6. Gabay C, Emery P, van Vollenhoven R, Dikranian A, Alten R, Pavelka K, Klearman M, et al.; ADACTA Study Investigators. Tocilizumab monotherapy versus adalimumab monotherapy for treatment of rheumatoid arthritis (ADACTA): a randomised, double-blind, controlled phase 4 trial. Lancet 2013; 381 (9877): 1541-50. PubMed Citation  (Controlled trial comparing 24 week courses of 2 monoclonal antibody therapies in 326 patients with rheumatoid arthritis; ALT elevations above 2.5 times ULN occurred in 6% on tocilizumab vs 1.9% on adalimumab, but there were no serious adverse events attributed to liver injury).

  7. Alfreijat M, Habibi M, Bhatia P, Bhatia A. Severe hepatitis associated with tocilizumab in a patient with rheumatoid arthritis. Rheumatology (Oxford) 2013; 52: 1340-1. PubMed Citation  (62 year old man with rheumatoid arthritis developed jaundice 1 week after a 3rd monthly injection of tocilizumab [bilirubin 10.5, ALT 2296, Alk P not given], resolving within 10 weeks on prednisone; accompanied by mild pancreatitis).

  8. Drepper M, Rubbia-Brandt L, Spahr L. Tocilizumab-induced acute liver injury in adult onset Still's disease. Case Reports Hepato 2013; 2013: 964828. PubMed Citation  (18 year old woman with Still disease developed jaundice 6 months after starting tocilizumab [bilirubin 3.6 mg/dL, ALT 2628 U/L, Alk P 110 U/L, INR 1.21], with liver biopsy showing centrolobular necrosis, and resolving within 1 month of stopping).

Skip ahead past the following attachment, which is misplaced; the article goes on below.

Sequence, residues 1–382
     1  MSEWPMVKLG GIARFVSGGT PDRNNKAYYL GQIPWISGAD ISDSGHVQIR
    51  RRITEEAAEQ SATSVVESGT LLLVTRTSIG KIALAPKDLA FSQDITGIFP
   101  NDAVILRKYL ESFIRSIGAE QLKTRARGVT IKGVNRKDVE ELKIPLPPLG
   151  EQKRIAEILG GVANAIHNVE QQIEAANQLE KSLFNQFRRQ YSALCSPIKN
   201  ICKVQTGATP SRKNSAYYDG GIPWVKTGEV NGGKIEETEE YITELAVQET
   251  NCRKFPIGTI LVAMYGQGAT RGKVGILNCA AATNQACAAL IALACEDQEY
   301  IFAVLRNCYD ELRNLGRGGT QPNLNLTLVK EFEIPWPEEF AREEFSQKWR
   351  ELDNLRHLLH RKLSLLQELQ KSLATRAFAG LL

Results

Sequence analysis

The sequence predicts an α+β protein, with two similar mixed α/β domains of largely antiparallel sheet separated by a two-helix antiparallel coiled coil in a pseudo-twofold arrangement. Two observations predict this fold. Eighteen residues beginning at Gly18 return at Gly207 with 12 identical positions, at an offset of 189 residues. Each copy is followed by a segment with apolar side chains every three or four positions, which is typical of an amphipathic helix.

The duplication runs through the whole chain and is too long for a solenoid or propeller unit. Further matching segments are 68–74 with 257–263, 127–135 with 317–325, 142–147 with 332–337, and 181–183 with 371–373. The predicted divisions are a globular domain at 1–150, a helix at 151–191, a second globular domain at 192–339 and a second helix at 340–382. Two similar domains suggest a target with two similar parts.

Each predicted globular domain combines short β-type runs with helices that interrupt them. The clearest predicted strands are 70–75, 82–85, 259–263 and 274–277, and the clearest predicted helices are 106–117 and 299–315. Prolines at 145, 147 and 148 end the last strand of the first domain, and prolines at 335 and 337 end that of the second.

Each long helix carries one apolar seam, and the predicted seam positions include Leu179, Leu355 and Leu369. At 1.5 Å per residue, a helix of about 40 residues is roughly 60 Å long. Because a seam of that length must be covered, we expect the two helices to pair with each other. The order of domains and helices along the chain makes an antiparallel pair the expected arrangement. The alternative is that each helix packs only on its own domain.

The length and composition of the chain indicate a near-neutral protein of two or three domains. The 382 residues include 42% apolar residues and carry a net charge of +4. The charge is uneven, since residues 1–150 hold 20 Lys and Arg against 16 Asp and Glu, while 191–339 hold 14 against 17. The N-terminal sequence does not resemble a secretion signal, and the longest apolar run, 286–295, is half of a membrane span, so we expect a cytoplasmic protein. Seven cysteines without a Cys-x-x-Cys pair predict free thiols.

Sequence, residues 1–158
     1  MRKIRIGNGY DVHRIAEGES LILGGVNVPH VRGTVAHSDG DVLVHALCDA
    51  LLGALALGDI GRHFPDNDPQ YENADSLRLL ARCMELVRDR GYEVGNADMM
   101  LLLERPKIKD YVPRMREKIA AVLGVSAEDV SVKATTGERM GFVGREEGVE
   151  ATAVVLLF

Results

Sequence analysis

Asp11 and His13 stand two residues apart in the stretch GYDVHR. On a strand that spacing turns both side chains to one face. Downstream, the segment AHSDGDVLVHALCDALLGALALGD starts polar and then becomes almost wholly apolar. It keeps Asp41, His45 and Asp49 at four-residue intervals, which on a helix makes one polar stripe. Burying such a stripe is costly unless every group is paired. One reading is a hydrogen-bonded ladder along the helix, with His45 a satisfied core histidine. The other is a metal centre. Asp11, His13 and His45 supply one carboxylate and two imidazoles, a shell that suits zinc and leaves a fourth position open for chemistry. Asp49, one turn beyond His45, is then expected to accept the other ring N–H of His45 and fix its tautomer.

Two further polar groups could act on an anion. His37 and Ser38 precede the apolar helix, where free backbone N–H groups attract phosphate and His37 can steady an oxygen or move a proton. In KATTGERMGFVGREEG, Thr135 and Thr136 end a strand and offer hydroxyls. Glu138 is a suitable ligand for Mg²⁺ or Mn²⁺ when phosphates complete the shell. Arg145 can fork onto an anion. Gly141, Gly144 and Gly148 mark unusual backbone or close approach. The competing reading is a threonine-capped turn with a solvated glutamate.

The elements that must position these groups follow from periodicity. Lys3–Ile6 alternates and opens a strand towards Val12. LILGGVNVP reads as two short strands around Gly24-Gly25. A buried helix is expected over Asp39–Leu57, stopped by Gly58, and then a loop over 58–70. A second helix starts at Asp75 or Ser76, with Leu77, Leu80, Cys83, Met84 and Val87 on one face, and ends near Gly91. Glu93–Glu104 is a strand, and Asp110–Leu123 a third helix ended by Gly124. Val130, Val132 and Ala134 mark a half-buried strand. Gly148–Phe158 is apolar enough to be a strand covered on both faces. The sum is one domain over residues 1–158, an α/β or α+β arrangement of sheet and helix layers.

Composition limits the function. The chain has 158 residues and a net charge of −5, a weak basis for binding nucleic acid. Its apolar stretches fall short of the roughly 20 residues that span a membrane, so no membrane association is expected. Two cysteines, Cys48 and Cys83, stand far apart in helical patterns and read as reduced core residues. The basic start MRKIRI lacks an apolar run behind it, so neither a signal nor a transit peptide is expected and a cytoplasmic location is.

9. Huizinga TW, Fleischmann RM, Jasson M, Radin AR, van Adelsberg J, Fiore S, Huang X, et al. Sarilumab, a fully human monoclonal antibody against IL-6Rα in patients with rheumatoid arthritis and an inadequate response to methotrexate: efficacy and safety results from the randomised SARIL-RA-MOBILITY Part A trial. Ann Rheum Dis 2014; 73: 1626-34. PubMed Citation  (Among 306 patients with rheumatoid arthritis and an inadequate response to methotrexate who were treated with 1 of 5 regimens of sarilumab or placebo for 12 weeks, highest response rates occurred with the highest doses and adverse events included infections [20-26% vs 14%], neutropenia [2-6% vs 0] and ALT elevations [4-6% vs 0], most of which resolved spontaneously and there were no hepatic severe adverse events).